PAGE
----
Figure 4 

HMGB1 protein overexpression regulated cell cycle distribution of ESCC cells. A. HMGB1 alleviated the G0/G1 arrest of KYSE30 and KYSE510 after irradiation; B. There was a correlation between HMGB1 and γ-H2AX proteins after 6 Gy X-ray irradiation. Western blotting was used to detect the expression levels of γ-H2AX in KYSE30 and KYSE510 cells exposed or not to irradiation. Each experiment was replicated three times. The comparison with NC group is indicated by asterisks (*P<0.05), and the comparison with the corresponding non-irradiated group is indicated by triangles (▲P<0.05, P<0.01 and ▲▲▲P<0.001). OEH, overexpression of HMGB1; NC, negative control.

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We included 39 stage I-III ESCC patients who received radiotherapy in the present study. HMGB1 expression levels were associated with the 10-year survival rates of these patients, but no correlation was found in the 1-, 3-, and 5-year survival data.

This study explored the relationship between HMGB1 and ESCC radiosensitivity from a new perspective of HMGB1 overexpression. We observed that the overexpression of HMGB1 could enhance the migration, proliferation, and radioresistance of ESCC cells before and after radiation treatment in vitro, and HMGB1 may play an important role in the occurrence and development of EC. Amornsupak et al. believed that tumor cytoplasmic levels of HMGB1 could be used as an independent prognostic indicator for metastasis or recurrence in breast cancer patients [35]. Li et al. reported that overexpression of HMGB1 can facilitate cervical cell migration by IHC analysis of cervical cancer tissues from 239 patients [36].

Shi et al. provided evidence supporting a close correlation between HMGB1 overexpression and gallbladder cancer progression and poor prognosis [37]. Moreover, Dong et al. suggested that HMGB1 was associated with the 5-year overall survival of gastric cancer patients after analyzing the survival data of 100 patients with stage IIIA gastric cancer [38].

γ-H2AX plays a critical role in forming chromatin-remodeling complexes, and it also participates in the DNA damage and repair work associated with radiotherapy [39]. γ-H2AX is closely related to DNA repair in tumor cells after radiotherapy. It is involved in radiotherapy-related DNA damage and repair in many cancers, including colorectal cancer [40], hepatocellular carcinoma [41], and others. Moreover, according to Kawashima et al., after colorectal cancer cells were irradiated, their γ-H2AX expression levels increased, and cell viability also decreased time-dependent [40]. We found that ESCC cells overexpressing HMGB1 had higher γ-H2AX levels than the NC groups with 6 Gy irradiation.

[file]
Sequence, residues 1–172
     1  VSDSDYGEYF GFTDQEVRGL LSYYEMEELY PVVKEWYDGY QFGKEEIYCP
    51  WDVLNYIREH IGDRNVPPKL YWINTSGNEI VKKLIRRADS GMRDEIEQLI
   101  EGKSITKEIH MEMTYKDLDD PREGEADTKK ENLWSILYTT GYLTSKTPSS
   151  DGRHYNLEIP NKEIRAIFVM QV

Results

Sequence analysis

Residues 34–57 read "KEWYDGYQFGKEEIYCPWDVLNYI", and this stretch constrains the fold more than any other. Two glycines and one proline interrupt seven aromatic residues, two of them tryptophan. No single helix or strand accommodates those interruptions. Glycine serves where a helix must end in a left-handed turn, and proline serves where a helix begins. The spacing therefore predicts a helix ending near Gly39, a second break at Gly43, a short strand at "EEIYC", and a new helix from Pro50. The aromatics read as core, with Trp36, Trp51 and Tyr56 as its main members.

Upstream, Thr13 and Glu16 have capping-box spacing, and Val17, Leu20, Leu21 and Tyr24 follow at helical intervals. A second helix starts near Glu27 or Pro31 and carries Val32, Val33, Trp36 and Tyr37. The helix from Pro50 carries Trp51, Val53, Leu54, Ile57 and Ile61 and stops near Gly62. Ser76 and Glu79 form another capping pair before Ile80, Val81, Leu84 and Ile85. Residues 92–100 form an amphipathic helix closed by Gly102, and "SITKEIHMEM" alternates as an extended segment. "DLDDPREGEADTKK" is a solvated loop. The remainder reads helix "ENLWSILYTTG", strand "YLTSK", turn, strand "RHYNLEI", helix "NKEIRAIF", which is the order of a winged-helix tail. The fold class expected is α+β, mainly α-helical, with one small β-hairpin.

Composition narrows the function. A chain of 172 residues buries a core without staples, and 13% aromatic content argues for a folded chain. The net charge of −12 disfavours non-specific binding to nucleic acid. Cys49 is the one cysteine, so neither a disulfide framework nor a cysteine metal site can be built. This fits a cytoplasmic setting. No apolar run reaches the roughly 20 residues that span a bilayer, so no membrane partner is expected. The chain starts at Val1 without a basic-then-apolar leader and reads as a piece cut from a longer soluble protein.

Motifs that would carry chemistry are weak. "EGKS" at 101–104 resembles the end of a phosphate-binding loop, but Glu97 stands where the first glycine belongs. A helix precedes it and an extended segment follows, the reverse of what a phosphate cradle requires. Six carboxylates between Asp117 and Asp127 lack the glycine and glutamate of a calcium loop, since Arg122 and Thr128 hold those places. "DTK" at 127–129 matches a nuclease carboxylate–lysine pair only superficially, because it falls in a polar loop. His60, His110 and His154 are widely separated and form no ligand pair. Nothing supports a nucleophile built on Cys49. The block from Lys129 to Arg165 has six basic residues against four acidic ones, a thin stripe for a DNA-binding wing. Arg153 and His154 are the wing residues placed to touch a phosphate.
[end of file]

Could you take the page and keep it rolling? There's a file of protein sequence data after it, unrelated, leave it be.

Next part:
Moreover, it has been confirmed that radiotherapy could induce a G0/G1 cell cycle arrest and pro-apoptotic effect in EC [42, 43], nasopharyngeal carcinoma [44], meningiomas [45], and breast cancer [46]. Our results corroborate these findings, which revealed that KYSE30 and KYSE510 cells showed cell cycle arrest at the G0/G1 phase after radiotherapy, and this cell cycle arrest was weakened after overexpressed HMGB1. The limitation of the article is that validation of normal esophageal cells and animal experiments were not performed. Follow-up external validation and in-depth studies are still necessary.


In this study, we demonstrated that positive HMGB1 expression in ESCC tissues was negatively correlated with 10-year survival rates of patients. Overexpressing HMGB1 promoted the migration, proliferation, and radioresistance of ESCC cells by reducing G0/G1 phase arrest. In conclusion, this study provides a theoretical basis that HMGB1 may be a potential target for overcoming ESCC radioresistance.


HMGB1: high mobility group box 1; ESCC: esophageal squamous cell carcinoma; γ-H2A: phosphorylated histone H2AX; EC: esophageal cancer; DSBs: double-strand breaks; CSC: cancer stem cell; EMT: epithelial-mesenchymal transition; IHC: immunohistochemistry; FBS: fetal bovine serum; PBS: phosphate buffer saline; NC: negative control; RT-qPCR: real-time quantitative polymerase chain reaction; PVDF: polyvinylidene fluoride; TBST: TBS containing 0.1% Tween 20; SF: survival curves; KM: Kaplan-Meier; GTV: gross tumor volume; SERs: sensitizer enhancement ratios.


This work was supported by the National Natural Science Foundation of China (Grant No. 81872456), Natural Science Foundation of Hebei Province (no. H2020206583), and a grant from the Education Department of Hebei Province (no. CXZZBS2021078).

Availability of data and materials

The datasets that were used and/or analyzed in this study are available from the corresponding author upon reasonable request.


This article does not contain any studies with animals performed by any of the authors. Informed consent was obtained from all individual participants included in the study.

Author contributions

SZ conceived and designed the study. JD conducted the experiments as well as data collection and drafted the manuscript. XZ, XD and NZ designed the experimental approach and contributed to data interpretation. WS, MM, and YW helped with the investigation and formal analyses of data. SZ approved the final version of the manuscript. JD and NZ checked all the raw data for authenticity. All authors read and approved the final manuscript.

Competing Interests

The authors have declared that no competing interest exists.


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Author contact

Corresponding address Corresponding author: Professor Shuchai Zhu, Department of Radiation Oncology, The Fourth Hospital of Hebei Medical University, 12 Jiankang Road, Shijiazhuang, Hebei 050011, P.R. China; Tel: +86-311-8609-5673; Fax: +86-311-8609-5819; E-mail: sczhu1965com

Received 2022-4-7
Accepted 2022-5-15
Published 2022-5-21